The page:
Grammatical Over-Correction #1

 Today I am annoyed by grammatical over-corrections. Particularly by people who, in an effort to avoid ending a sentence with a preposition, completely eliminate the preposition. Here’s the latest example but there are far more egregious ones.

He has to choose the path he wants to go.

You don’t GO a path. You go DOWN a path. You go NEAR a path. You can even go AROUND a path or TO a path. But you don’t GO a path.

The issue isn’t whether or not the preposition is required, the issue is placement. I understand not wanting to place it at the end because the grammar god told us we can’t, but FIND a place for the preposition. It belongs in the sentence. Put it there. Sometimes I end sentences with a preposition because I think omitting it sounds silly and placing somewhere else and adding ‘which’ or ‘whom’ sounds pretentious. For me, that’s just not the option to go with. 🙂

For me, that’s just not the option with which to go?
For me, that’s just not the option to go?
How about —I’m just not doing that!!–?
That’s better.

OK, I just heard a woman on Project Runway say, “I didn’t know where to start from.”  Now, that’s an error.  The thought was complete at “start”.

Do you see the difference?

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7 thoughts on “Grammatical Over-Correction #1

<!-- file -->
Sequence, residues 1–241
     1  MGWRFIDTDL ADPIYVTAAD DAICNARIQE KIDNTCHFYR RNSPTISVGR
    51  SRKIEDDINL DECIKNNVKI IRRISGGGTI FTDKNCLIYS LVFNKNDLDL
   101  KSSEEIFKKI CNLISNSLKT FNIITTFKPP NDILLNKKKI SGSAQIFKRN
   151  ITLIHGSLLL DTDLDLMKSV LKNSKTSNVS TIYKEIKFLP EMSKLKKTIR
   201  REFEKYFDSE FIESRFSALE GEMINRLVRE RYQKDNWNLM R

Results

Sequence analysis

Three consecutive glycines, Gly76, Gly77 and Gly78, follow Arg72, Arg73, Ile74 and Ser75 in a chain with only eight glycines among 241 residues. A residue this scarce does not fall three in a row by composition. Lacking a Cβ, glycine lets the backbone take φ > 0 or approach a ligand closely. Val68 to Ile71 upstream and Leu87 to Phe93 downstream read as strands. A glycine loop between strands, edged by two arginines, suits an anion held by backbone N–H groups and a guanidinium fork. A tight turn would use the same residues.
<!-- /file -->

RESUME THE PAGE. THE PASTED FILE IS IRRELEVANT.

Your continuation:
1. Akin to your last example is “Where you at?”, which gives me the heebie jeebies and reinforces my belief that people don’t think about words/meanings. They merely fill in the blanks of ideas with phrases they’ve heard in that context. How fitting, then, that “Where you at?” became a slogan. If it’s stupid, we must get people to say it a real whole lot!

    Sometimes you have to end in a preposition because doing otherwise changes the meaning. “Who let the reins out?” vs. “Who let out the reins?” (Not that you can do the latter, unless you’re Britishly using “let” to mean “rent.”)

    Sadly, people could spare you if they’d just say “He needs to choose the path he wants to take.” I think, however, that changes the meaning; “take” is decisive and proactive, whereas “go” is passive. The use of “go” seems important, I’m just not sufficiently churchminded to know why.

  2. Now I want to write sentences with prepositions hanging out all over the place but I don’t know where to start from. (maniacal laughter).

  3. My husband and I have a running joke about the whole
    ‘where you at?’ question. He used to say it and it really got under my skin. Now, every week as he’s driving back to Maryland – I call him with that very same question. He always replies ‘behind that preposition’, and we just crack up. It’s the little things…

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